We have other friends who are also benefiting from Section 8 vouchers.  Two recently retired Baby Boomers we know were both successful businessmen in their younger days.  However, due to financial setbacks, they both lost most of their money just prior to reaching retirement age.  Both of them applied for and received subsidized senior apartments in a safe community where they feel comfortable, independent and able to remain near their families and friends.

If you are afraid you cannot retire due to financial setbacks, contact the state housing authority in your area to find out if you qualify for assistance.  In addition, contact you local Social Security office to see if you qualify for Supplemental Security Insurance, food stamps, assistance with your Medicare premiums, or other benefits.  If not, you may want to try one of the other options listed above in order to cut your housing expenses.  Once you have cut your housing expenses, you will also want to reduce your other expenses, as well.

Cut Your Transportation Expenses

If you are one of those people who spend 14% or more of your monthly income on transportation, this is an area where you may be able to make cuts.  If you are a couple, do you need two, large cars?  Is there reliable bus service in your area?  Can you get by with a Smart Car, a golf cart or another inexpensive vehicle to use as your primary vehicle or as a second car for your spouse?  If you are no longer commuting to a job, you may discover that you can easily get by with a much less expensive vehicle to own and maintain.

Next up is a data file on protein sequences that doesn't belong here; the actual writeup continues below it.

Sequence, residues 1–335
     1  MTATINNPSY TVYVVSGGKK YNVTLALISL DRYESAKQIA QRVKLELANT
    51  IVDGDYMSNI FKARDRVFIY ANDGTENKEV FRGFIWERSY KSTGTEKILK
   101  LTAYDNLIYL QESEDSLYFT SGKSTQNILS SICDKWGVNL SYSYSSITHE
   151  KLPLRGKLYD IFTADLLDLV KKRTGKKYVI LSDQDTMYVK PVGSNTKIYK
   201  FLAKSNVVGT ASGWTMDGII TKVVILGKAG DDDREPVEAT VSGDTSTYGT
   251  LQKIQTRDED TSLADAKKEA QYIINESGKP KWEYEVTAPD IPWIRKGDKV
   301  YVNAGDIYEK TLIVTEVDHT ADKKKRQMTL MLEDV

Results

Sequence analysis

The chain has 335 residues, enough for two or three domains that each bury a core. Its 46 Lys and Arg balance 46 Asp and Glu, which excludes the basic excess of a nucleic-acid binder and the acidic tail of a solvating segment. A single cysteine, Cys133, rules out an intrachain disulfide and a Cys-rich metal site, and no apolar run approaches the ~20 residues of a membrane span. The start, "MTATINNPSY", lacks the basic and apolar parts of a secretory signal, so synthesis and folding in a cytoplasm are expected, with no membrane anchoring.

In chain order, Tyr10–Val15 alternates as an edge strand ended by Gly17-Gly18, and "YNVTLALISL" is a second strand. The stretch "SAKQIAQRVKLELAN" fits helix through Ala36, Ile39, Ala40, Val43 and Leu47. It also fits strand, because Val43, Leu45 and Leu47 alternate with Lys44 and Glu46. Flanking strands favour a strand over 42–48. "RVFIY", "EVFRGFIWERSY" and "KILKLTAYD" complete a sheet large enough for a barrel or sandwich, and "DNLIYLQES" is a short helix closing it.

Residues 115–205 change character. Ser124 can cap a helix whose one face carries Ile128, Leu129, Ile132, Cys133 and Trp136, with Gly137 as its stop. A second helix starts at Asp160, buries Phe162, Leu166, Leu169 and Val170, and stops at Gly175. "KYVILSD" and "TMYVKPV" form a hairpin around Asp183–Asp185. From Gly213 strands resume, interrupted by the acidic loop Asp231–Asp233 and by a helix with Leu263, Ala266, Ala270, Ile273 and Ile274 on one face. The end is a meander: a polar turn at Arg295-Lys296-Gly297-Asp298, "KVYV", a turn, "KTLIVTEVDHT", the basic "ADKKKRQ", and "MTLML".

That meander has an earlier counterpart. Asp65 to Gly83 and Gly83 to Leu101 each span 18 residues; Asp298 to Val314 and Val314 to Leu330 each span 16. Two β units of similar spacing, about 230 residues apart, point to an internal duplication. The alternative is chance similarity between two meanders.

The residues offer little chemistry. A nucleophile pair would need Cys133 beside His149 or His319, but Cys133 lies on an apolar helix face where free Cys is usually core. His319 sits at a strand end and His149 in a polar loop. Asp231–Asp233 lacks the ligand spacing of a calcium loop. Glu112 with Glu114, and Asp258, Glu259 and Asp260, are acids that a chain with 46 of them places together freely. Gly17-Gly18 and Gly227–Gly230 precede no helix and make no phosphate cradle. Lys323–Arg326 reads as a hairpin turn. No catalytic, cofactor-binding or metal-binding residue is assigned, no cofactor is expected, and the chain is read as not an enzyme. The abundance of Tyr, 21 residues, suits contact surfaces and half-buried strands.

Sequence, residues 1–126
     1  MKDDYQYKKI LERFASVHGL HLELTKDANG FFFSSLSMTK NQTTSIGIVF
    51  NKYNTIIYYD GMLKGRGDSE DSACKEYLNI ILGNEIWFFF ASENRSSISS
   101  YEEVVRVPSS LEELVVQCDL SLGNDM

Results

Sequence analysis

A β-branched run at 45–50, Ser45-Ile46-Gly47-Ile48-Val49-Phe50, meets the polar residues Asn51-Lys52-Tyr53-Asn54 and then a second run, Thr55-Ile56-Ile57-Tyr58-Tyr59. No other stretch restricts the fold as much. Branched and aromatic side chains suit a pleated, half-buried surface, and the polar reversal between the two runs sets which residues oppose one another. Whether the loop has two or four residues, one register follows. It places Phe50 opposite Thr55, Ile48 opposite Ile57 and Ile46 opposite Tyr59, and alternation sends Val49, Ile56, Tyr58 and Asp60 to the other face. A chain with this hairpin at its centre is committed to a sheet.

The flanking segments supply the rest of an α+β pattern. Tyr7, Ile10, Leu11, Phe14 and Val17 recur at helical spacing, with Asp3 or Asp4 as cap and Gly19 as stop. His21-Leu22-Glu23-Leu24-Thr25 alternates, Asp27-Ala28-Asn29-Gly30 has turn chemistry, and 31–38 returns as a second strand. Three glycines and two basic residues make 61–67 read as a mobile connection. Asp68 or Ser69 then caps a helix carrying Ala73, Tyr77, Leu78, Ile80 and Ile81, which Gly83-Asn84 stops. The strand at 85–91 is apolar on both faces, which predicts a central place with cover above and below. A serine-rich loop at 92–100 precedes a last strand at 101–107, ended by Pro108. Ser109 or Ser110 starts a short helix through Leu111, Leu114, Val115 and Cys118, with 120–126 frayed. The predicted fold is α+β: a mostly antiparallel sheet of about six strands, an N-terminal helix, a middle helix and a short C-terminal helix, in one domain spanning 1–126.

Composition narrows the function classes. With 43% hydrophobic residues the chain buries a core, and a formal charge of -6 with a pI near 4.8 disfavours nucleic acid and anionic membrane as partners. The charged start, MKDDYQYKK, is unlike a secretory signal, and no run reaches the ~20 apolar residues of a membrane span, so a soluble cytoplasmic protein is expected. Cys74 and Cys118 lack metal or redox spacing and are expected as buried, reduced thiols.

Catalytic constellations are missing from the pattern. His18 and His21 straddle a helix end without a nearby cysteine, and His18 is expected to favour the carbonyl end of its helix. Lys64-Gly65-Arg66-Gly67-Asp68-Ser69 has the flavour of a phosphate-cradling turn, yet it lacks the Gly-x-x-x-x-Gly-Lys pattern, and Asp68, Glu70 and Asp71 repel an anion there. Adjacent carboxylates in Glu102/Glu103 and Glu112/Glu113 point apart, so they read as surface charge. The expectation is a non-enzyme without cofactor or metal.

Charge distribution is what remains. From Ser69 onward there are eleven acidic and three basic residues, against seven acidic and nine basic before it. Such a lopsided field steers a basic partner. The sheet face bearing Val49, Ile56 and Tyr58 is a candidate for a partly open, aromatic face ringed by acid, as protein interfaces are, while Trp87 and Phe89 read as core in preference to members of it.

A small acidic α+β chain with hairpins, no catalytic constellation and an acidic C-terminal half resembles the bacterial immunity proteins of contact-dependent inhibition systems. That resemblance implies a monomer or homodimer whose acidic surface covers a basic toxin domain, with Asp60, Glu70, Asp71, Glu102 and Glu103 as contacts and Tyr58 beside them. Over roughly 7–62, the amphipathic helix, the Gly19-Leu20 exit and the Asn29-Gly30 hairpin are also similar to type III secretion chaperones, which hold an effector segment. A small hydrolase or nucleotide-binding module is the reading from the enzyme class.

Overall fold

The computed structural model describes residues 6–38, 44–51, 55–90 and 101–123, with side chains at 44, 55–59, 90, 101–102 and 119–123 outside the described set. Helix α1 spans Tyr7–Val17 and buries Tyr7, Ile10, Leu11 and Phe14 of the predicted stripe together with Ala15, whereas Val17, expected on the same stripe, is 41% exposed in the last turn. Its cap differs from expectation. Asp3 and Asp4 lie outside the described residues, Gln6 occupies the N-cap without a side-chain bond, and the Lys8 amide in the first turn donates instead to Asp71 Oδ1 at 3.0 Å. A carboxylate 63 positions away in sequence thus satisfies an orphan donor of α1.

Cut Your Medical Expenses

One woman I know is married to a doctor and they have always chosen to use a PPO insurance plan.  Recently, she told me that they had switched to a low-cost HMO Medicare supplemental plan because all the doctors they saw through their PPO were also listed in the HMO.  She saw no reason to keep paying the higher premiums. 

In my case, I recently joined Kaiser Healthcare.   Kaiser's Medicare Advantage plan is listed as a 5-Star program, yet the premiums are quite low.

Cut Your Miscellaneous Expenses

As mentioned above, one way to lower your cost of living after retirement may be to move to another state where there are no state income taxes.  However, another big expense that falls into the miscellaneous expenses category is debt servicing.  Are you still paying off student loans to put your kids through college; do you have large credit card bills, or similar expenses?  If so, you will want to pay off or renegotiate these loans so that you can retire.